We have reached a new phase in the things we will do with human life. It was reported by New Scientist last week that the world’s first “three parent baby” was born in Mexico.
The story of the family into which this child was born is a tragic one, and you cannot help but feel compassion for them. Married for almost 20 years, the unnamed couple tried to have children.
They suffered four miscarriages before giving birth to a baby girl. Unfortunately, the girl had inherited a rare genetic disorder from her mother and died at age six. A second daughter inherited the same disease and died after eight months.
The suffering of this family is untold.
But how does their suffering lead us to a three-parent baby? To understand this, we need a little bit of the scientific background.
In most cases, the nucleus of an ovum contains 23 chromosomes before fertilisation and 46 chromosomes after fertilisation, which is usually what we think of when we talk about DNA. But in addition to the 46 chromosomes, there is a small amount of additional DNA contained in the mitochondria, which are located in the part of the ovum surrounding the nucleus. Problems in this “mitochondrial DNA” can cause certain genetic diseases.
There were two ways in which it is thought this can be overcome: pro-nuclear transfer and maternal spindle transfer.
Pro-nuclear transfer involves removing the nuclear material from a newly fertilised egg that has unhealthy mitochondria and transferring it into a donated “healthy” embryo which has had its own nuclear material removed. In this case, the second embryo is intentionally destroyed so that the other can be inserted. In every circumstance, it involves the taking of an unborn life. This method is currently legal in the United Kingdom but as far as I know, has not yet been used.
Maternal spindle transfer involves removing the maternal chromosomes prior to fertilisation and placing them into a healthy ovum which has had its chromosomes removed. This ovum is then fertilised. The difference here is that this process does not require the taking of a human life.
Because it was the more “ethical” approach, the couple chose maternal spindle transfer and while their opposition to taking human life is commendable, there are a few ethical considerations which they appear to not have sufficiently considered.
The creation of a three-parent baby still presents all of the ethical issues which are present in IVF, including the separation of the unitive and procreative aspects of the sexual act and the creation of more embryos than were planned on being implanted (in this case, five embryos were created and only one survived.)
The treating fertility doctor, Dr John Zhang, told New Scientist that “to save lives is the ethical thing to do”. However, Dr Zhang was not saving a life or curing a disease. He was just ensuring that a baby with a risk of a particular genetic disease was not born in the first place, making it less about saving lives and more about practising eugenics.
The next ethical issue overlooked is that there is no way of telling how having three genetic parents might affect future generations. Historical methods of trying to treat mitochondrial disease, including injecting mitochondria from another woman into the ovum, resulted in babies being born with a greater disposition to other genetic diseases. Only time will tell if this technique also creates future physical risk to the baby.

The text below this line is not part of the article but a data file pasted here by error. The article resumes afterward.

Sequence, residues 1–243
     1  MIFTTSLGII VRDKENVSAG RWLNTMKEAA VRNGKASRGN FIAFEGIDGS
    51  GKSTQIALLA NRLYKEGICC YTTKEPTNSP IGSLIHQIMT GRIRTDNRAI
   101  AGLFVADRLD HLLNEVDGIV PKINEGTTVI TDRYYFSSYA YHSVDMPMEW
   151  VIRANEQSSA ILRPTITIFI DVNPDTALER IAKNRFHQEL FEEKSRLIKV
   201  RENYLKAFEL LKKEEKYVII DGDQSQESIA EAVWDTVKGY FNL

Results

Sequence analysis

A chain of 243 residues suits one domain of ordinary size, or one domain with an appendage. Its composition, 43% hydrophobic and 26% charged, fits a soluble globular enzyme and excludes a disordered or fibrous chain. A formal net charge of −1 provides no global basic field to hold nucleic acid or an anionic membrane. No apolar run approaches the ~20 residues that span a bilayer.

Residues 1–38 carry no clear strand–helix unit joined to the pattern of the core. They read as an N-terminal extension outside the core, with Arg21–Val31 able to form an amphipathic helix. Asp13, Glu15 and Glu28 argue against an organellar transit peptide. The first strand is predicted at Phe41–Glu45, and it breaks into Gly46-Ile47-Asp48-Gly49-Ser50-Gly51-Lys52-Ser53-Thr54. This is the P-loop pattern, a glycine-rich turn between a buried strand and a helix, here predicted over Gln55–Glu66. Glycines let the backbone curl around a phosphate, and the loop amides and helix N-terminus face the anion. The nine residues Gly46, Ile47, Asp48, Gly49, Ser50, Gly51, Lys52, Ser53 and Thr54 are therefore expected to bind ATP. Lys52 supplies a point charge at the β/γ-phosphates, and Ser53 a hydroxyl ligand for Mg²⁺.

In addition to the unknown physical impacts, the effects on the child’s understanding of his own identity is equally unchartered territory, as are the legal implications because there are now three people who validly have a legal “claim” on the baby.
And if we are being blunt, having a “claim” on the baby is the reason why we are in this ethical minefield in the first place. The couple could have easily used a donor egg to avoid the potential genetic disease (noting this still carries the ethical problems of IVF), but if they had done that, the child would not be genetically related to the intended mother. The reason this new technology was sought is because the intended mother desired a biological connection to the child. As understandable as that yearning is, and as awful as the tragedies these parents have had to endure, it does not justify the prioritisation of their own desires over potential risks to the child.
It is also important to consider the motivations of the fertility industry in this. UK researchers estimated that 10-20 families per year might use the technology, indicating a very small demand for this technology from people with mitochondrial disease. If they were the only people to whom this service could be marketed, the business would not be lucrative enough to justify the funds spent on perfecting the technology.
But I’m guessing the fertility experts see the potential for a wider market: the same technology can be used by a lesbian couple to have a child which is biologically related to both of them and it is this market which will expand in years to come, particularly if more countries legalise same-sex marriage. The impact on a generation yet unborn is another one of the unintended consequences of changing the marriage law.